Tag Archives: immigration reform
What, if instead of proposing how to fix immigration, we first troubleshoot the problem in a similar manner as engineers or business people solve their problems? The opening question is:
How it got started?
Up to about one hundred years ago, almost every European who arrived at our shores was allowed to enter and settle. It is less known that about one-third of those arriving returned home a few years later. By the beginning of the 20th century, the majority of immigrants were from impoverished and overpopulated Eastern and Southern Europe. These mostly illiterate people formed ethnic enclaves in large American cities and became an eyesore to many Americans who were beginning to enjoy the benefits of their newfound prosperity. The federal government was asked to step in.
Why is it so hard to reach any reasonable compromise on the immigration issue? It is because faults of our immigration policy are about hundred years old and most of us are accustomed to accept them as unquestioned wisdom. The first comprehensive immigration law in the U.S., the Immigration Act of 1924 bears the sins of the times, which had barely been openly explained and duly criticized.
Why is it so hard to reach any reasonable consensus on immigration? In 2006, we failed to reform our immigration system. Seven years later things do not look much better. The current Senate Bill S.744 has many vocal opponents, and even its supporters agree that it is just a tiny step in the right direction. Similarly, it seems unlikely that the House will come up with any concept gaining widespread support either. Where is the problem? Let me ask a tricky question: who is more to blame – the Senate or the House? The right answer is: the WSJ editorial page editors. To be precise, the blame is on media in general, in particular on the concept of the editorial writing practiced since the inception of newspapers. In this text I pick on the WSJ as, to the misfortune of the editors there, this is the main paper I read regularly.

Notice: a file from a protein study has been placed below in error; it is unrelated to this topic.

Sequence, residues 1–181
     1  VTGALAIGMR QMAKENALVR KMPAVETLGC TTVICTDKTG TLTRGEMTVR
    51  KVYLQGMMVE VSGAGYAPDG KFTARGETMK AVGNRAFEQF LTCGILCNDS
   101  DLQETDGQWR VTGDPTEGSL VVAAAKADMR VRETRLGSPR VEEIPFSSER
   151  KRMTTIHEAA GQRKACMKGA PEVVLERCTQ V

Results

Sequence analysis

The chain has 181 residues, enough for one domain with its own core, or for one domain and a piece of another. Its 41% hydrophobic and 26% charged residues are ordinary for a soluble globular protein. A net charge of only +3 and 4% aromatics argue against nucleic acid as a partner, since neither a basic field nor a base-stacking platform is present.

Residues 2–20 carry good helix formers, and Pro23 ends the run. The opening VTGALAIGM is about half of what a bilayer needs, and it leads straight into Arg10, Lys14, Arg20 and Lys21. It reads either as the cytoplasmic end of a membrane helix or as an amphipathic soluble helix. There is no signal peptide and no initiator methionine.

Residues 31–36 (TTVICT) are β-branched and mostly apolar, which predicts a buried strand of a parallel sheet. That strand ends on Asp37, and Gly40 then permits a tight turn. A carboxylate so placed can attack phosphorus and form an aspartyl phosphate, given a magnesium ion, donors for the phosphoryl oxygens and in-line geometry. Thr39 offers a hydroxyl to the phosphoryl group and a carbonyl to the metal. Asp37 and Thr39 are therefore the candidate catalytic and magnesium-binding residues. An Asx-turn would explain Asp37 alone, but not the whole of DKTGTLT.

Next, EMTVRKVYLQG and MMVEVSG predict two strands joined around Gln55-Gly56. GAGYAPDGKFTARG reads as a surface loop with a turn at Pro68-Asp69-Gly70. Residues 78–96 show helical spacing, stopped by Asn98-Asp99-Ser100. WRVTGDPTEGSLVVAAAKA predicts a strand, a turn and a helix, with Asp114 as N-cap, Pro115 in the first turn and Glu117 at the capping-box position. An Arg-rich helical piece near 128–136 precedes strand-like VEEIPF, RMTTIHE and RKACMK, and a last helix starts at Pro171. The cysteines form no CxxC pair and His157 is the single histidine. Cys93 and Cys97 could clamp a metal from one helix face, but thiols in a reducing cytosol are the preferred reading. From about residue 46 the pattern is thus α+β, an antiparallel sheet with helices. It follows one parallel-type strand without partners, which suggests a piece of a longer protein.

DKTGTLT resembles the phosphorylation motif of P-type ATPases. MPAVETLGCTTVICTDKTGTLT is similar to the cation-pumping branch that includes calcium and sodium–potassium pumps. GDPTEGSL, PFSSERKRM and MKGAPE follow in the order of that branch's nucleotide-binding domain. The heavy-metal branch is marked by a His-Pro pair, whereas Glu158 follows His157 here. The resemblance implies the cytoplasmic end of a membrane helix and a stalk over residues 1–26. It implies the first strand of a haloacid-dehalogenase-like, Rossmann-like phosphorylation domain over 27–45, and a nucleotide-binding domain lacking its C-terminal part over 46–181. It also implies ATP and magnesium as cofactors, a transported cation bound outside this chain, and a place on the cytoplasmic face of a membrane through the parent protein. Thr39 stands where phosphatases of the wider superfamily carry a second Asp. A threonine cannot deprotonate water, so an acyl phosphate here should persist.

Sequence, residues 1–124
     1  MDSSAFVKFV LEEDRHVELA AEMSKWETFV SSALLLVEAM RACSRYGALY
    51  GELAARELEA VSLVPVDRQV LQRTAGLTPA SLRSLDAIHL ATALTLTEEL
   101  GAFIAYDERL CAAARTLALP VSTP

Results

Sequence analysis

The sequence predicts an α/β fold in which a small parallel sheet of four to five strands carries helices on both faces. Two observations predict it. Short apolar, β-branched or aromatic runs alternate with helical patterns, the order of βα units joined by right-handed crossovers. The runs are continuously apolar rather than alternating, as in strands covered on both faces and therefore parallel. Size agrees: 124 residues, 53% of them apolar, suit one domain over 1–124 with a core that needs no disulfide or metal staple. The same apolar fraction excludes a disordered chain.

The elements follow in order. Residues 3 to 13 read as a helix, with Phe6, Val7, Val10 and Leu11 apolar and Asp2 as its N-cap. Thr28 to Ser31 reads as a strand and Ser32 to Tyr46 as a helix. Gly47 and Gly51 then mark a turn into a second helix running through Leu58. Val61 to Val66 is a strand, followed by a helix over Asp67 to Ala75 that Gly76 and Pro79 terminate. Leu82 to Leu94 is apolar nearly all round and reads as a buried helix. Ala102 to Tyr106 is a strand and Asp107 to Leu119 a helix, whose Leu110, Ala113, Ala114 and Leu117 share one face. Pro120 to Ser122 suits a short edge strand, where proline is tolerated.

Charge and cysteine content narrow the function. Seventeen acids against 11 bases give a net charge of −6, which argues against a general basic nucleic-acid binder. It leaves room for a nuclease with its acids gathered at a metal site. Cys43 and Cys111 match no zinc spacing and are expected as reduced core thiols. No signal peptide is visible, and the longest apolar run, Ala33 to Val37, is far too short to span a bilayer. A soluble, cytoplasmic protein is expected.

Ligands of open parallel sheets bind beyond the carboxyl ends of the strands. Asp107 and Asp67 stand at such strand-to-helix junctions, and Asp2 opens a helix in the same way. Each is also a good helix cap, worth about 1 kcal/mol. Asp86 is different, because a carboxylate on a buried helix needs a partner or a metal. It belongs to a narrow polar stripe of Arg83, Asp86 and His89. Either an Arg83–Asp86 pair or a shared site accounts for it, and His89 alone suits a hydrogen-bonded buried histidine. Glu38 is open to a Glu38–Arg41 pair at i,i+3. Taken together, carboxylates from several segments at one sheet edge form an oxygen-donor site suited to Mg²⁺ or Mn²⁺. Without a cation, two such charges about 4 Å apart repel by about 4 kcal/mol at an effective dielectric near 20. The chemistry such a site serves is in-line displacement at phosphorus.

Something is missing in the passionately debated border security, as a part of the immigration overhaul. Advocates for increased border protection bring up the issue of the nation’s security as the main reason for all the elaborate and expensive border protection provisions. People sneaking throughout the border are mostly low skilled and seeking entry level jobs in the U.S. It is a mystery to me how by picking strawberries at American farms or cutting meat in American slaughterhouses they can endanger the nation’s security.